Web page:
Admissions: To enter graduate school, you must complete the admissions requirements outlined by your school of choice. You will most likely have to take the Graduate Management Admission Test (GMAT) or the Graduate Record Examinations (GRE). However, there are several accounting master’s programs that will waive the GRE/GMAT requirement based on a variety of factors, including job experience.
You might be wondering, “Can I get a master's degree in accounting without a bachelor's in accounting?” The answer is yes, but you may have to complete several prerequisite courses to be admitted. If you majored in accounting or business as an undergrad, you likely took these courses or similar ones. It is important to check with the particular graduate program to which you are applying to ensure these credits fulfill their specific requirements.
Time: Completing an accounting master’s degree program typically takes 12 to 18 months, depending on the program and your previous course record. The rigorous coursework and deep dive into technical skills may require you to set aside additional time for homework and studying.
Financial commitment: The price tag carried by MS in accounting programs varies greatly across schools. Price can depend on the number of credit hours you have to complete, your residency (in state vs. out of state) and other factors.
Remember that your options for financing this degree can include grants, employer support and scholarships.
How Much Could an Accounting Master's Increase Your Salary On Average?
Along with a master of accounting comes increased earning potential. According to the Bureau of Labor Statistics, the median salary for accountants is $70,500. However, the top 10% of accountants earn $122,840. Accountants with master’s degrees and work experience are poised to enter this top-earning realm.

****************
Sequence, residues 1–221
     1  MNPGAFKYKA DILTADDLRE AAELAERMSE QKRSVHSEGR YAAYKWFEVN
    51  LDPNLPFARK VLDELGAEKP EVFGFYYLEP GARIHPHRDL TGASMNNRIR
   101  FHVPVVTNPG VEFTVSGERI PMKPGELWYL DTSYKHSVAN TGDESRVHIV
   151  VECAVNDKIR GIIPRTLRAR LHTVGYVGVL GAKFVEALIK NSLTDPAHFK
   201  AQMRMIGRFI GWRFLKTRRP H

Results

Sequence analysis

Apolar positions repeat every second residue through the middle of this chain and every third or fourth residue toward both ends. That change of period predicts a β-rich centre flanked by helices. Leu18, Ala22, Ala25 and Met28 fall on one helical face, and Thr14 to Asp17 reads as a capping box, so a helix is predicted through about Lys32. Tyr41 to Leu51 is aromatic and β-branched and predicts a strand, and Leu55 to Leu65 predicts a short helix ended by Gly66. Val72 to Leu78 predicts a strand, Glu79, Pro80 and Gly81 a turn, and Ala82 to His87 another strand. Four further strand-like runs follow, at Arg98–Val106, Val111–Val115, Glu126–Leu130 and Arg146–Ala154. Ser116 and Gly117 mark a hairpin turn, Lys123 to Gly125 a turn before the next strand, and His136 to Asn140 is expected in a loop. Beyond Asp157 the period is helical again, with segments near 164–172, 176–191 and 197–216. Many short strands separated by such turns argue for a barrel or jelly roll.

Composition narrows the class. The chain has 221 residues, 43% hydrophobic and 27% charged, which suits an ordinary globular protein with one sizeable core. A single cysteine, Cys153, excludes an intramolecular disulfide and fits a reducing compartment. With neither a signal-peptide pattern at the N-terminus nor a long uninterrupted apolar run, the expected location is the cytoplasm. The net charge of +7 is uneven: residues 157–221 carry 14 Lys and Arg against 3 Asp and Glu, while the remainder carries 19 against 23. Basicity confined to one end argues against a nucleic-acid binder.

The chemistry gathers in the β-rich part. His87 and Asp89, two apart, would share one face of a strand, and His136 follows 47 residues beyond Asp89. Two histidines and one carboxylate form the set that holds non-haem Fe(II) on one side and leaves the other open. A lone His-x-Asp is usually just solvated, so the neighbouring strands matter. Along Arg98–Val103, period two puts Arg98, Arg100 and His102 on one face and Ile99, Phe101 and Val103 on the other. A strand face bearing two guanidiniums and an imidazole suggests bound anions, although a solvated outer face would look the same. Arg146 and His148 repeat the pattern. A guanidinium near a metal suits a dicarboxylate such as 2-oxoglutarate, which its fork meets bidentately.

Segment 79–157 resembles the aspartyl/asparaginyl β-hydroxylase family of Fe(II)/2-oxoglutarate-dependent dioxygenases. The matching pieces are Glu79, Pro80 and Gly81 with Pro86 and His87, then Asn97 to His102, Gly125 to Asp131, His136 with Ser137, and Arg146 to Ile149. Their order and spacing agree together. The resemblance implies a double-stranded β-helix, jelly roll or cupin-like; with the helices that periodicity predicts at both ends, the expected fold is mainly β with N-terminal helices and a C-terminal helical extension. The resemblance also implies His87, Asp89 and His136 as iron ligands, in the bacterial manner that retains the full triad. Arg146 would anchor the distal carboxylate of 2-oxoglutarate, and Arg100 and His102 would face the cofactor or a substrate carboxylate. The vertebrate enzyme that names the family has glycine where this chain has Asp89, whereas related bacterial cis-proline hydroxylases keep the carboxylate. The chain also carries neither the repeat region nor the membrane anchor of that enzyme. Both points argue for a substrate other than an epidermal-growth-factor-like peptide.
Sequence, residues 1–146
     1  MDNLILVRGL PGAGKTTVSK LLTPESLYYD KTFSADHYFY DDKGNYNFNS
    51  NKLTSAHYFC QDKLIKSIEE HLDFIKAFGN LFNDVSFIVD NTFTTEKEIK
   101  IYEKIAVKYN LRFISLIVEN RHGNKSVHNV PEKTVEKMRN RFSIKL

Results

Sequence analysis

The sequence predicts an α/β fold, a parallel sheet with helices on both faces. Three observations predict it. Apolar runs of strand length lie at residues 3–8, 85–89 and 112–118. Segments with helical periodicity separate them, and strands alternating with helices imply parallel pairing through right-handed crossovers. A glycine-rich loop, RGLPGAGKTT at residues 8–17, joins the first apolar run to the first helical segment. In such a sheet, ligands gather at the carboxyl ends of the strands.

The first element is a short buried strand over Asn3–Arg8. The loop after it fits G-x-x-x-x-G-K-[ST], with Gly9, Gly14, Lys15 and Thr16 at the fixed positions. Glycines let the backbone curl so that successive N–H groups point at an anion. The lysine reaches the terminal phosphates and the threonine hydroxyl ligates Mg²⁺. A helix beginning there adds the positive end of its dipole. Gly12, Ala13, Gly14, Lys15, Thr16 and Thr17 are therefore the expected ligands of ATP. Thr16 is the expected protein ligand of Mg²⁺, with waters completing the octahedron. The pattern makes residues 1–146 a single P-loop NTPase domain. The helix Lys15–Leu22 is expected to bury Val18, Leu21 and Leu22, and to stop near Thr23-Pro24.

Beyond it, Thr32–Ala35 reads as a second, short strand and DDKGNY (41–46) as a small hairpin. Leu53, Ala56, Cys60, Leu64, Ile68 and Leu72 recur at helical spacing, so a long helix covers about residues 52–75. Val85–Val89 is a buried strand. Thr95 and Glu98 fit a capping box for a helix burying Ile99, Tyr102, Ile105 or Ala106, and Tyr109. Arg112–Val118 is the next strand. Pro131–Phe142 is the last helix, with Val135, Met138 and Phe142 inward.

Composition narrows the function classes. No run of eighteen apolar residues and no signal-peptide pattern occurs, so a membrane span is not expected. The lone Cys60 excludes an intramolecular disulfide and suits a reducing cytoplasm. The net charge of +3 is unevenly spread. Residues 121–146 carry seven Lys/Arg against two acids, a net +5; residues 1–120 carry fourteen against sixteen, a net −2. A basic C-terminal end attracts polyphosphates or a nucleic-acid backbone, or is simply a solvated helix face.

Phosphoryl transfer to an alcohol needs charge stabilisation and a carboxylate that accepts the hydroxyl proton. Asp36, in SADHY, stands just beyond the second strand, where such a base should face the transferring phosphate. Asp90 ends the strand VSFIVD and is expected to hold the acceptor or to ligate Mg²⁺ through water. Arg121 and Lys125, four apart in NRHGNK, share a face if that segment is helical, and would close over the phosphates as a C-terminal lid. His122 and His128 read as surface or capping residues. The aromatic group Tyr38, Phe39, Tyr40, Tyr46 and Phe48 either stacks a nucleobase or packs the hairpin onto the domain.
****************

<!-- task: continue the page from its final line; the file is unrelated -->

In a 2019 study, the American Institute of Certified Public Accountants revealed projections that accountants with a master’s degree will earn 10% to 20% more (PDF, 2.5 MB) than those who only hold a bachelor’s degree. The managerial accounting skills developed in a master of accounting program can open the door for leadership positions, further accelerating earning potential.
What Are the Benefits of a Master of Accounting?
From increasing your understanding of accounting to distinguishing yourself in a competitive field, obtaining a master of accounting can have several benefits. Keep reading to learn about the ways this graduate degree can propel your career.
Throughout your time in grad school, you have access to accounting industry professionals who can aid in your career growth and development. Professors of accounting graduate programs offer a wealth of knowledge and real-world experience. This may benefit you during your time in graduate school as well as in post-grad networking situations.
A master of accounting sends a signal to employers about your dedication and abilities. The American Institute of Certified Public Accountants spoke with a director of HR at BeachFleischman PC in Tucson, Arizona, about what her firm values when onboarding new talent. She revealed that candidates with advanced degrees are given preference in the hiring process:
“We know they come in ready to go straight to work and have more experience and education in tax and audit. They already meet upper-division requirements and are ready to take the CPA exam.”
All in all, a master of accounting can distinguish you from other accountants in this competitive field and better prepare you for managerial accounting positions and certifications like the CPA. The benefits move beyond sharpening your skills as you develop a network of other like-minded professionals.